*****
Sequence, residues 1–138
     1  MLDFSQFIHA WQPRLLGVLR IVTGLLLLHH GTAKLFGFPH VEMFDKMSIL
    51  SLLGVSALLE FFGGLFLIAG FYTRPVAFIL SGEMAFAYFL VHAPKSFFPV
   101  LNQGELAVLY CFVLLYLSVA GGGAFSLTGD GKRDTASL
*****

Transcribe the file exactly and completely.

Sequence, residues 1–138
     1  MLDFSQFIHA WQPRLLGVLR IVTGLLLLHH GTAKLFGFPH VEMFDKMSIL
    51  SLLGVSALLE FFGGLFLIAG FYTRPVAFIL SGEMAFAYFL VHAPKSFFPV
   101  LNQGELAVLY CFVLLYLSVA GGGAFSLTGD GKRDTASL